Startups go out of business more often in Korea

The number of new firms in the nation's eight largest cities, including Seoul and Busan, shrank by about 13%, from 2,864 in October to 2,493 in November, the central bank said, adding that the number in November was about the same as the average monthly startup firms of 2,558 in 1999, right after the 1997 financial crisis. The number of startup firms plunged during the financial crisis before leveling off at around 3,000 a month in 2000, 2002 and 2002.

The number of new firms in the nation's eight largest cities, including Seoul and Busan, shrank by about 13%, from 2,864 in October to 2,493 in November, the central bank said, adding that the number in November was about the same as the average monthly startup firms of 2,558 in 1999, right after the 1997 financial crisis. The number of startup firms plunged during the financial crisis before leveling off at around 3,000 a month in 2000, 2002 and 2002. This year, the average fell to 2,555 for the period from January through November, the bank said.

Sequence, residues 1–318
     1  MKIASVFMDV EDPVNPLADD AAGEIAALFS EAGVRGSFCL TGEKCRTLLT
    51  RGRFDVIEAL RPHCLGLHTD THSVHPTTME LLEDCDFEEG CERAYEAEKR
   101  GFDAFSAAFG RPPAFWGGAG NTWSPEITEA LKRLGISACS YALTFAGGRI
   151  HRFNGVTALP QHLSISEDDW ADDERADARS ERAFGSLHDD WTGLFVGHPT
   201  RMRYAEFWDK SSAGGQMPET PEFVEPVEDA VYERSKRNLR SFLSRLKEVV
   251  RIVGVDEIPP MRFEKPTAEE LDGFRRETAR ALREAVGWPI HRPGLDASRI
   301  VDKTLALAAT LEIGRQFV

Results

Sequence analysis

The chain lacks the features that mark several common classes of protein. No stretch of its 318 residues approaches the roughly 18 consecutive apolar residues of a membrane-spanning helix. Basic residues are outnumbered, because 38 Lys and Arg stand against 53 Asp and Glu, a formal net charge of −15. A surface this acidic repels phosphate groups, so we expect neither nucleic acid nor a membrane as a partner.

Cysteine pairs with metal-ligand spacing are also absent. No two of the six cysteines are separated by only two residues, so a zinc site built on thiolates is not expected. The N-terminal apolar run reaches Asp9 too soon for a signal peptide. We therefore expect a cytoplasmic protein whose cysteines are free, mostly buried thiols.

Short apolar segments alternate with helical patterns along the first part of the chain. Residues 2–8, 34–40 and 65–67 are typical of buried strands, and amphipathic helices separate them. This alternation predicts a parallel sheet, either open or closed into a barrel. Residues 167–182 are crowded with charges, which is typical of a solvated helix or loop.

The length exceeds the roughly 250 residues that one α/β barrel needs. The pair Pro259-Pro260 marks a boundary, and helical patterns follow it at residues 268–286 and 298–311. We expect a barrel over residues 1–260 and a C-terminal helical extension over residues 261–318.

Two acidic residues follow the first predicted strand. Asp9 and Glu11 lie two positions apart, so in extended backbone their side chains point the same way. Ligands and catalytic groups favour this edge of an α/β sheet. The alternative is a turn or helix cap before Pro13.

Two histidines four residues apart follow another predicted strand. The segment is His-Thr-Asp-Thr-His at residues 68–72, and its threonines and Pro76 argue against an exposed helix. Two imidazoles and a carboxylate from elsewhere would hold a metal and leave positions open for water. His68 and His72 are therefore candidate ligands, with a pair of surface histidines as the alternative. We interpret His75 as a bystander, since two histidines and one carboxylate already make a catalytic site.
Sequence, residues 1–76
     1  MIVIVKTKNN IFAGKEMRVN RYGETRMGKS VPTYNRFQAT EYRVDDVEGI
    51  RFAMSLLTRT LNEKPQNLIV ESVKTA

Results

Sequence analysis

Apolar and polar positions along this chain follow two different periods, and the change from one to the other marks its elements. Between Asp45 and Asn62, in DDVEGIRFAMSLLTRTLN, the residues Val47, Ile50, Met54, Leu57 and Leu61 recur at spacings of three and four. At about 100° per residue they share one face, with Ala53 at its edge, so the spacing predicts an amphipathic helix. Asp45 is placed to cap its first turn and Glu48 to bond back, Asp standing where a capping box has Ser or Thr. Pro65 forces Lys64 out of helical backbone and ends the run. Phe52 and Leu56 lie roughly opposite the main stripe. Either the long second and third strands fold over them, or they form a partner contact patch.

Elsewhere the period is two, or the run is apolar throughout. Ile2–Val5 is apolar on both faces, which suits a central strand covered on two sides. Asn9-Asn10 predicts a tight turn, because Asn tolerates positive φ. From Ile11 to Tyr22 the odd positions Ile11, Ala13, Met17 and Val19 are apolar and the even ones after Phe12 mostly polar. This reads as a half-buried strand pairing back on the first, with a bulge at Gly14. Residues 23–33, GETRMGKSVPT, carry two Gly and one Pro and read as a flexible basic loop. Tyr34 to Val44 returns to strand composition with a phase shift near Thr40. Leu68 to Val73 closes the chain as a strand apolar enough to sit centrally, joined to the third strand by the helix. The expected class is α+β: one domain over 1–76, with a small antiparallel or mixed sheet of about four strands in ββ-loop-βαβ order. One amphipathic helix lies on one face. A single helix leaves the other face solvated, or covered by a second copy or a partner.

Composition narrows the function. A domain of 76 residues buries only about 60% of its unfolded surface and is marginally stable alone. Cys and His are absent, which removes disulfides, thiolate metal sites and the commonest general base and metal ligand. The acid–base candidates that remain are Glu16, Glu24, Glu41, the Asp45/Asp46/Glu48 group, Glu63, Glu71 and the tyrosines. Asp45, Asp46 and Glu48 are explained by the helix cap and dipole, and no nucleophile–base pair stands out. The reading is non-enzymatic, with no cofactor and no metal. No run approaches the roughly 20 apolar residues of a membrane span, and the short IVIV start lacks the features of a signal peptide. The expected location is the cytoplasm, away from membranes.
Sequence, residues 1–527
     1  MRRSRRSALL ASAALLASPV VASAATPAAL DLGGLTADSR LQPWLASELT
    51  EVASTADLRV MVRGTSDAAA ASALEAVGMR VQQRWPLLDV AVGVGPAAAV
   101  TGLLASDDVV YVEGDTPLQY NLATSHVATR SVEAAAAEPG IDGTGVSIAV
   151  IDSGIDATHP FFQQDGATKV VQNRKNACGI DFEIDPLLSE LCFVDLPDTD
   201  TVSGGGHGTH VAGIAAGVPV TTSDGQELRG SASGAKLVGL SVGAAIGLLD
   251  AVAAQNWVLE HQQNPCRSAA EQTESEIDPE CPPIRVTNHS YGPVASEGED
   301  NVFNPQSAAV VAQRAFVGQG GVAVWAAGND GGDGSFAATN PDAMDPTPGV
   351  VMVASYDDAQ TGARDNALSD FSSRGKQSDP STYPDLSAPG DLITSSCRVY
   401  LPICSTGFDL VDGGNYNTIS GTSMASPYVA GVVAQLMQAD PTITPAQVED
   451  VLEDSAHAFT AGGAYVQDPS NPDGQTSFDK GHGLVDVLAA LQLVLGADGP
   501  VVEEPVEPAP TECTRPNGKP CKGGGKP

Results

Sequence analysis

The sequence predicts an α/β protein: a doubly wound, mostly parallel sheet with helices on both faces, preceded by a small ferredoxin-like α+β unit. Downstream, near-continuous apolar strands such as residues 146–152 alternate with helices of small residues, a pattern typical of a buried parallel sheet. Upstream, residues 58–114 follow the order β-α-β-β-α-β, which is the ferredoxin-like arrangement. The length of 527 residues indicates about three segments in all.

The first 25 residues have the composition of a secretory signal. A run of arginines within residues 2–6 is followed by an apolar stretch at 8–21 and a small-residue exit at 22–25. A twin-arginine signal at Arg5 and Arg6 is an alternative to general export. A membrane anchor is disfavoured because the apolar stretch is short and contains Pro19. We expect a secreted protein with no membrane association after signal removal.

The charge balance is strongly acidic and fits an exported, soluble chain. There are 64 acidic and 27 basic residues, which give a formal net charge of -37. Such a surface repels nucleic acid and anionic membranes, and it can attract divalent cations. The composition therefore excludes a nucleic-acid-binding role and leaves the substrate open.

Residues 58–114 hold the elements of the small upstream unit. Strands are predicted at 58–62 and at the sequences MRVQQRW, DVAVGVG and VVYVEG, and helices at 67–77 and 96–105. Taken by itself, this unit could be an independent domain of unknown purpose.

The central bank said that the nation's employment market has been worsening over the last several decades, while permanent jobs become obsolete and a large number of salaries workers dream of starting their own firms. Their interest in launching new firms, however, has been much foiled by frigid domestic consumption and the business sector's stinginess in facility investments. The Korean businesses' facilities investment has been dropping sharply, from negative 3.4% in the first quarter to negative 3.7% in the next, and reeling to negative 7% in the third quarter, the bank said.

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